• Arizona's Open Range Law
  • Who is responsible if an animal is hit on the road: the driver, rancher, or both?
  • The best way to avoid hitting livestock on the road

Home, Home on the Open Range of Arizona Roadways

There was a time in Arizona when most of the rural roads were considered open range.

Ranchers typically didn't fence their livestock in; instead, they installed cattle guards at the end of roads which mostly kept the cattle in a general area. The county posted Open Range caution signs along the roadway, and that was it. The onus was on the driver to pay attention and avoid hitting livestock as they roamed the area.

Does the driver or the rancher pay for damages if someone hits livestock in Arizona?
No matter where you drive in Arizona, always watch for animals on the road. //
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As towns and cities have encroached on open ranch land, barbed wire fences have gone up and some of the warning signs have come down. However, fences fall and livestock roam.

Watch Out for Livestock in the Road

If you drive around Arizona, sooner or later there's a good chance you'll see livestock in the road. Cattle, horses, donkeys, goats, sheep, and pigs are all considered livestock in the state. Livestock is subject to different laws than other animals, a domestic dog or cat, for example.

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What happens if you hit a cow or other livestock while you're driving in Arizona? Who is liable for the damages - the driver, the rancher, or both?

Does the driver or the rancher pay for damages if someone hits livestock in Arizona?
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Understanding Arizona's Open Range Law

The Arizona Department of Agriculture explains, "Arizona follows the open range law, which means that livestock owners are not required to fence their animals in designated areas.

Historically, livestock grazed on public lands. The open range law accommodates ranchers and farmers who turn their livestock out onto the land, especially in arid regions, like the desert Southwest.

Does the driver or the rancher pay for damages if someone hits livestock in Arizona?
Cattle guards help keep livestock from entering roads. // Credit: Canva
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These "no-fence districts" are areas that are usually marked by Open Range warning signs alerting drivers to pay attention to the possibility of livestock on the road.

Open-range laws don't apply everywhere in Arizona. There are areas designated as fenced-in areas. These are places where livestock owners must fence in or restrain their cattle and other grazing animals.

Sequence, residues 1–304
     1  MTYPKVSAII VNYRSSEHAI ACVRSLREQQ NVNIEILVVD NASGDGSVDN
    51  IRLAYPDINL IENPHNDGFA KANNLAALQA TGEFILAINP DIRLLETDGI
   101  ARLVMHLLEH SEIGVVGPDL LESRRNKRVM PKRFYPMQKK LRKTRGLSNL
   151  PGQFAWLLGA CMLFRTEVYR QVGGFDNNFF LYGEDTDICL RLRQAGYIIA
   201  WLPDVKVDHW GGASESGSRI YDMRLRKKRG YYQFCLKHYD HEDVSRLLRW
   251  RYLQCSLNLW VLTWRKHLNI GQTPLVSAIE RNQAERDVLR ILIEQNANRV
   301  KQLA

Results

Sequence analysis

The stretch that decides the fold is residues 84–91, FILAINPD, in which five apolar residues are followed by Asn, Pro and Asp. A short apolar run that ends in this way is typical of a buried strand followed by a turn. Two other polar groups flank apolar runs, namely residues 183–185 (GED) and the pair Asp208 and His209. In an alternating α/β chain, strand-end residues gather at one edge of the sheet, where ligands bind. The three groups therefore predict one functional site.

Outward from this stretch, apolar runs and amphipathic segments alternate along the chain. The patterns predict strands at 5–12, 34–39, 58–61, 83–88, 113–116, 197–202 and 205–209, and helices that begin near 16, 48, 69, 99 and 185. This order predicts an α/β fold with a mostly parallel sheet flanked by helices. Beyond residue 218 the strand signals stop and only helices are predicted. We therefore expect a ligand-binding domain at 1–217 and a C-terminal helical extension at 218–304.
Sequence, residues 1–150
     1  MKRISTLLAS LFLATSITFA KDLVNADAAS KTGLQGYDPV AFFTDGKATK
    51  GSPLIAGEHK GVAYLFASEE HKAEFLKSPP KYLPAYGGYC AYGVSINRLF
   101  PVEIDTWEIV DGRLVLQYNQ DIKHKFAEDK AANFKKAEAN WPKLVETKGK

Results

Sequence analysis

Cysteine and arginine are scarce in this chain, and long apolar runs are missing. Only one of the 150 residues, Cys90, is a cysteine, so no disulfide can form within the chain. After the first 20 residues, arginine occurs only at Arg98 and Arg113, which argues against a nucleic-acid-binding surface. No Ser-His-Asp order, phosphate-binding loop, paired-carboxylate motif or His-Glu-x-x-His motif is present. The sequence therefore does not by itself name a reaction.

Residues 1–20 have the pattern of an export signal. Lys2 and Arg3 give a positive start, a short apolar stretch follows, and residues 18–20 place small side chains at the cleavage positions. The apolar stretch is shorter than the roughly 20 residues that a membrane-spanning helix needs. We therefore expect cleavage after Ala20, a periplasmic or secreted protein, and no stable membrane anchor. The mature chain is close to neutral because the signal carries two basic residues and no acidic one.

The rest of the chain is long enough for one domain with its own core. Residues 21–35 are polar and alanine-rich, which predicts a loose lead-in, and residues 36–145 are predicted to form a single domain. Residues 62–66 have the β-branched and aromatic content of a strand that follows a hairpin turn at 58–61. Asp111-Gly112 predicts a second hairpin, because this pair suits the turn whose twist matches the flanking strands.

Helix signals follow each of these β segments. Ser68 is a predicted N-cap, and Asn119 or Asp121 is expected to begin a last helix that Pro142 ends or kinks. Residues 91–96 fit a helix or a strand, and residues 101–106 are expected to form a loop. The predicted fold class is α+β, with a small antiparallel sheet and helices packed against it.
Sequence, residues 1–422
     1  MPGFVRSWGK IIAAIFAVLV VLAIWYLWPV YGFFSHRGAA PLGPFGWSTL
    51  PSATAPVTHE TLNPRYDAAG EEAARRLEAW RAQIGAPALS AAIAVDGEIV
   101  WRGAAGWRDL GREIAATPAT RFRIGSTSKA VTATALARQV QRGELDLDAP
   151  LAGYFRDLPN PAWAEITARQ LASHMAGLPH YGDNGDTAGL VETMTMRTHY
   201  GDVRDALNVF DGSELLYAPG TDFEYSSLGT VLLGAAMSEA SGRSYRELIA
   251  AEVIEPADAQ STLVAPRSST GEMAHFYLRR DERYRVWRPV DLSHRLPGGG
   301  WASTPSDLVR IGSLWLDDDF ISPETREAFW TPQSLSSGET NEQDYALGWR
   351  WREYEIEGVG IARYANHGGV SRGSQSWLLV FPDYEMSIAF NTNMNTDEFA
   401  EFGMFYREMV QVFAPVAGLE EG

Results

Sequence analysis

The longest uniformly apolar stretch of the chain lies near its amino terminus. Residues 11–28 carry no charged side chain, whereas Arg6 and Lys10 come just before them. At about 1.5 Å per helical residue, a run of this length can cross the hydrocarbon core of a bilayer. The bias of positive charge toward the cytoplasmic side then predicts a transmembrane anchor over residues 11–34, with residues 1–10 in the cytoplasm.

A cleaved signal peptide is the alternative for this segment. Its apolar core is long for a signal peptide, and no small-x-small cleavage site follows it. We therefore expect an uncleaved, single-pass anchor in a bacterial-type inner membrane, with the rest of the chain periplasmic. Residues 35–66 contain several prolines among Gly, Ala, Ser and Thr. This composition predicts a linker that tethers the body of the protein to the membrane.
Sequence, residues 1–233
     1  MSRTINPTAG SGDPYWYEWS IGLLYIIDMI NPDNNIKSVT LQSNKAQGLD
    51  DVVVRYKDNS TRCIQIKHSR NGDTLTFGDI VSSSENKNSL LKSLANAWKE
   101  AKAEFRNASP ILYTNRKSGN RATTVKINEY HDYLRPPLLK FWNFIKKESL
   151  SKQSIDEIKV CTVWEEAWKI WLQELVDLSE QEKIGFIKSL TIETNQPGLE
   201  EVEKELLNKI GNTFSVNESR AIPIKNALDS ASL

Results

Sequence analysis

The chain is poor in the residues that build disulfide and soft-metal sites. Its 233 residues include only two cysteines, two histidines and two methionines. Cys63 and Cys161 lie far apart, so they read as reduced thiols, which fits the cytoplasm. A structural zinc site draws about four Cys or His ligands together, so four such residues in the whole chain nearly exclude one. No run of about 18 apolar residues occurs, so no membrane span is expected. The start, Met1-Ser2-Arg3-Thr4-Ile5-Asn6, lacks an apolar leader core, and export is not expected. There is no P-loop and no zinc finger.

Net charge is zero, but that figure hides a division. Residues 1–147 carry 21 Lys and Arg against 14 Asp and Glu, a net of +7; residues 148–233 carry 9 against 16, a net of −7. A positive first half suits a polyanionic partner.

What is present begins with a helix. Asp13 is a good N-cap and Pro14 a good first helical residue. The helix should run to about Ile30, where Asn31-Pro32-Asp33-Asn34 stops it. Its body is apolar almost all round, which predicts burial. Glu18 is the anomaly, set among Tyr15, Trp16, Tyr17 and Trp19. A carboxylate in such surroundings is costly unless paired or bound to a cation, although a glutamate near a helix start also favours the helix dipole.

Liability for Damages if a Livestock Animal is Hit by a Vehicle

If you hit a cow or other livestock while driving in an open range area, who is responsible? The driver or the rancher?

According to the University of Arizona Cooperative Extension, Arizona law states:

"If a driver hits a cow or other livestock on an open range, the driver is responsible for the damages to their own vehicle and any injuries to themselves or their passengers."

The livestock owner is not liable unless they intentionally or negligently caused the collision.

Does the driver or the rancher pay for damages if someone hits livestock in Arizona?
In an open range, ranchers don't have to fence livestock in. //
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However, if the driver collides with livestock in a fenced in area, the livestock owner is responsible for the driver's vehicle and any injuries to the driver or passengers.

However, the driver is liable if they were driving recklessly or under the influence.

How to Avoid Collisions

Drivers can avoid collisions with livestock, even on dark roads in rural areas. Drive carefully and pay attention. Here are some tips:

  • Watch out for signs: “Open Range”, “Livestock on Road”, or “Cattle Crossing” all warning drivers of roaming livestock.
  • Slow down: Obey speed limits.
  • Stay Alert: Watch for animals that may cross the road unexpectedly, especially at dawn and dusk, when they are more active and less visible.
  • Use your headlights and horn: This is the best way to warn animals and scare them off the road.
  • Don't Swerve: If you try to avoid hitting an animal, you might lose control or hit another vehicle.
    • Brake firmly and steer straight.
  • If you hit an animal, stop your vehicle, check for passenger injuries, and call the police. Do not approach the animal. It could be injured and dangerous.
Does the driver or the rancher pay for damages if someone hits livestock in Arizona?
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The Bottom Line

If you hit a cow or any other livestock while driving in Arizona, it could get expensive. Depending on where the accident occurs it could also be a very traumatic experience.

Responsibility for the accident will always depend on where the accident occurs, so be aware of open-range areas and how the liability changes in those areas. Drive defensively and stay alert so you avoid the accident before it even happens.

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